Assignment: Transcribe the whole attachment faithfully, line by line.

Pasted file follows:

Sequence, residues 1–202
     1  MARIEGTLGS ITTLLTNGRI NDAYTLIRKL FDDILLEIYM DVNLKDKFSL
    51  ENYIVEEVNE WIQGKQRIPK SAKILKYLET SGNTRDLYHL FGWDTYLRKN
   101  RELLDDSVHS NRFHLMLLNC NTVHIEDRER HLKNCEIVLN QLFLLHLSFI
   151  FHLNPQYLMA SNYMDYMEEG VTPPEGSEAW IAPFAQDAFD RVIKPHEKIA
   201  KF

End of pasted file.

Sequence, residues 1–202
     1  MARIEGTLGS ITTLLTNGRI NDAYTLIRKL FDDILLEIYM DVNLKDKFSL
    51  ENYIVEEVNE WIQGKQRIPK SAKILKYLET SGNTRDLYHL FGWDTYLRKN
   101  RELLDDSVHS NRFHLMLLNC NTVHIEDRER HLKNCEIVLN QLFLLHLSFI
   151  FHLNPQYLMA SNYMDYMEEG VTPPEGSEAW IAPFAQDAFD RVIKPHEKIA
   201  KF